Saturday, February 18, 2012

Calling into Question Our Teen Bibles

J. Todd Billings explains why modern efforts at contextualization end up conforming the church to the world.

The notion of contextualization is one that rightly recognizes there is no culture-free version of the Christian faith. All biblical interpretation and all theology emerge from a particular historical-cultural context. What is commonly inferred from this observation, however, is that theological method should be a matter of synthesizing two different spheres: biblical revelation, or "the gospel," should be combined with "culture." Thus the "gospel" is made "relevant" to the intended audience, whether that audience is the emerging generation of Western youth or a non-Western Christian who needs to encounter Christianity in something other than Western guise. Trends in evangelical publishing reflect this tendency: bright pink Bibles for preteen girls, with notes about beauty and relationships, and macho-looking Bibles for boys, with notes on sports, achievement, and health. The Bible is assumed to be something other than relevant until it speaks o the felt needs of the audience - needs that the audience has because of their sociocultural identity, rather than their identity in Christ per se.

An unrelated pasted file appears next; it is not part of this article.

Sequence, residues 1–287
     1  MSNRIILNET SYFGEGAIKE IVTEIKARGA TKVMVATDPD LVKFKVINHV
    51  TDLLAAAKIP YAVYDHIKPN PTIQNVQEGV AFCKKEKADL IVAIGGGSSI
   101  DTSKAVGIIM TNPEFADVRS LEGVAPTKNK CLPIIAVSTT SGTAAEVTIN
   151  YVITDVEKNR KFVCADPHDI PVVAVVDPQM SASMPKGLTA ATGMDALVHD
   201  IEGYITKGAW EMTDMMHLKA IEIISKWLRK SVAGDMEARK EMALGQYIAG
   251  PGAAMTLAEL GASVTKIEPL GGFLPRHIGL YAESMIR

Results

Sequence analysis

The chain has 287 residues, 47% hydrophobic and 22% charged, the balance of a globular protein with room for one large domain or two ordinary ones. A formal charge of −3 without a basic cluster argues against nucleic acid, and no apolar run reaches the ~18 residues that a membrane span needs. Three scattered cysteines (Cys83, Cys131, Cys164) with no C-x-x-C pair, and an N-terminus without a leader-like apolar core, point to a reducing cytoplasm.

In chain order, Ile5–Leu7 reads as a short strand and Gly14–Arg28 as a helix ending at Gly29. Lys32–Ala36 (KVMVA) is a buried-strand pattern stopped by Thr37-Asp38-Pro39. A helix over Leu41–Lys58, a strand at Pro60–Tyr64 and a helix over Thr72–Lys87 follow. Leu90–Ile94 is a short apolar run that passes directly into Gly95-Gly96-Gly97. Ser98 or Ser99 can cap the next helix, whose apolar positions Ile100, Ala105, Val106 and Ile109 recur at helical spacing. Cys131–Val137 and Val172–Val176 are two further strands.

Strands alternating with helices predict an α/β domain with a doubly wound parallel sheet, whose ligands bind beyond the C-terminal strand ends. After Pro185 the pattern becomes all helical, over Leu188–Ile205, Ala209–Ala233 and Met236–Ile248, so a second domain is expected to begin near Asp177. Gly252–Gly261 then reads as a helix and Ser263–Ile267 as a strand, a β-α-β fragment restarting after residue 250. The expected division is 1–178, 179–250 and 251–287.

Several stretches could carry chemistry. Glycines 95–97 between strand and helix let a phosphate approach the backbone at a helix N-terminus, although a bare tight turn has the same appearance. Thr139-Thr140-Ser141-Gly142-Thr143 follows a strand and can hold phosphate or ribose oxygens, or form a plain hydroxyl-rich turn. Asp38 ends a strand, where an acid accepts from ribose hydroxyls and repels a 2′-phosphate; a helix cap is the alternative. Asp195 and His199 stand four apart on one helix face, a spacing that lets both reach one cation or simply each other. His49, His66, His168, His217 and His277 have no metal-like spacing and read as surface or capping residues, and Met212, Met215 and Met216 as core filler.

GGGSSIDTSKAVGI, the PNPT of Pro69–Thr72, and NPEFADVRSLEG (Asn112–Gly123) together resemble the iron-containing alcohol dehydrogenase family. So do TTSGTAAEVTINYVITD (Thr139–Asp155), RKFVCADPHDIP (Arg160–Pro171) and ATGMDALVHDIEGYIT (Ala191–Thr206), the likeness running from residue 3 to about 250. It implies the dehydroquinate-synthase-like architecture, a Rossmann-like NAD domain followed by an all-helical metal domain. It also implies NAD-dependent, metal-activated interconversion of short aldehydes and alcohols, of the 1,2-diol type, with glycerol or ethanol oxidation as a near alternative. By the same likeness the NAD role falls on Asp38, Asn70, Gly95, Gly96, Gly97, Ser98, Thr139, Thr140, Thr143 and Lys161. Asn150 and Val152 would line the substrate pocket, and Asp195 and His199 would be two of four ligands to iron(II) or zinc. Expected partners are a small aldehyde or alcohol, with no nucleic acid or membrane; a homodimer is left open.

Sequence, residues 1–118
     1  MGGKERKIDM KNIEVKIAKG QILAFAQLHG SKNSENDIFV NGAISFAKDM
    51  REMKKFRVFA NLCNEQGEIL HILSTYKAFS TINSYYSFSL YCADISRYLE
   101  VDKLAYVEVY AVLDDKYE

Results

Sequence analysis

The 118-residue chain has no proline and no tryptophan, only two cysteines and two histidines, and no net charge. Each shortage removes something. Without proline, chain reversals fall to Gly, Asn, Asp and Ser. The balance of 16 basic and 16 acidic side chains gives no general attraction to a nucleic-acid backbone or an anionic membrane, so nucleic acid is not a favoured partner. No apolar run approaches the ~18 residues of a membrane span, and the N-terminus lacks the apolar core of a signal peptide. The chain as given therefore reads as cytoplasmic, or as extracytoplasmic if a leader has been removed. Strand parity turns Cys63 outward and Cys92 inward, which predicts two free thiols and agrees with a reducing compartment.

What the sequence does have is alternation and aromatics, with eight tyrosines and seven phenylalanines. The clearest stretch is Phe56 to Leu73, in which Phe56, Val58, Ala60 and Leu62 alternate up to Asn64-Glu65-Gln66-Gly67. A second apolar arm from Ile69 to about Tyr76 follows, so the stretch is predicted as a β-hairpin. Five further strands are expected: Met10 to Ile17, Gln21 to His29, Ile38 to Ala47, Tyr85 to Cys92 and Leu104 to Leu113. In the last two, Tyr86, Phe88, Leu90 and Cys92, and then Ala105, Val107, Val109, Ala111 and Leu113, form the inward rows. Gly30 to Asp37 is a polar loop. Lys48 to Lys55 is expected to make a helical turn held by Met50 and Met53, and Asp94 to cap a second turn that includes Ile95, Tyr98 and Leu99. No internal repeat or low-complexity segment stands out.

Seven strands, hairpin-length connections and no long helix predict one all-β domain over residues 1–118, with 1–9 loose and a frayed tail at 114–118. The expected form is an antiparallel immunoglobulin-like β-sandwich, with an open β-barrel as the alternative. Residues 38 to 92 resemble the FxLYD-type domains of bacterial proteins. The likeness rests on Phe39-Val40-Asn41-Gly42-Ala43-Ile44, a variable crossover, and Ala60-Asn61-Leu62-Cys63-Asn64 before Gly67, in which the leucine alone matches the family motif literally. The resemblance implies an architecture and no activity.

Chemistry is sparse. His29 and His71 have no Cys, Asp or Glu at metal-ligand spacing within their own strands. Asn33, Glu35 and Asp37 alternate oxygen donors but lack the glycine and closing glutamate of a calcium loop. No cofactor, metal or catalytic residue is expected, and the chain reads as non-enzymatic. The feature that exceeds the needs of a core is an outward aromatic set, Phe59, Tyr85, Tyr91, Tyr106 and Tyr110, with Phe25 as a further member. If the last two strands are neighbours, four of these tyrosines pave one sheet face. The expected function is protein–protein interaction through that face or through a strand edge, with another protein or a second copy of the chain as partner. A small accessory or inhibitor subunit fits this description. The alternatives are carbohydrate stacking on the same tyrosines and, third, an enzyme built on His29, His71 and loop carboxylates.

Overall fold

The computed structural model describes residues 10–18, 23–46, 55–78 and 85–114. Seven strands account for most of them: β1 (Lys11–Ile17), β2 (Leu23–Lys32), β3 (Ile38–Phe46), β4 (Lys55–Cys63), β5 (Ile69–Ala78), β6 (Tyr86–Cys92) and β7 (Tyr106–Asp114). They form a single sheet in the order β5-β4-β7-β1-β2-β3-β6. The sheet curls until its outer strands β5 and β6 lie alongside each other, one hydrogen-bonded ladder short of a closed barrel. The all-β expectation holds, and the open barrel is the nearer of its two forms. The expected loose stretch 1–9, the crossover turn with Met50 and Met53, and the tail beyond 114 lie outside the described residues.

These trends reflect a theology of accommodation that focuses heavily on making the gospel "relevant" to today's culture. But they often miss the point that accommodation is not so much a human act as a divine act...the Spirit making God's word understandable in various cultural contexts. First and foremost, according to Calvin and Bavinck, the agent of accommodation is the Spirit, not us....Rather than analyze the needs of teenage boys and make their needs the central focus of a study Bible, an attempt should be made to be humbly responsive to God's own condescension in scripture, an accommodation for which Jesus Christ (rather than our own needs) forms the substance and starting point. How do the analogies given by God in scripture disrupt and call into question our own cultural portrait of God? How should the fact that God has accommodated himself to us in Jesus Christ reorient our self-perceived needs and desires? These are the sorts of questions that should preoccupy those proclaiming the gospel today. For if we are to have genuine communion with God, we must meet God in the way that God accommodates himself to us in scripture and most fully in Jesus Christ rather than seeking to climb the ladder of self-devised analogies toward the mysterious God....

Union with Christ: Reframing Theology and Ministry for the Church, 91-3 (emphasis added)

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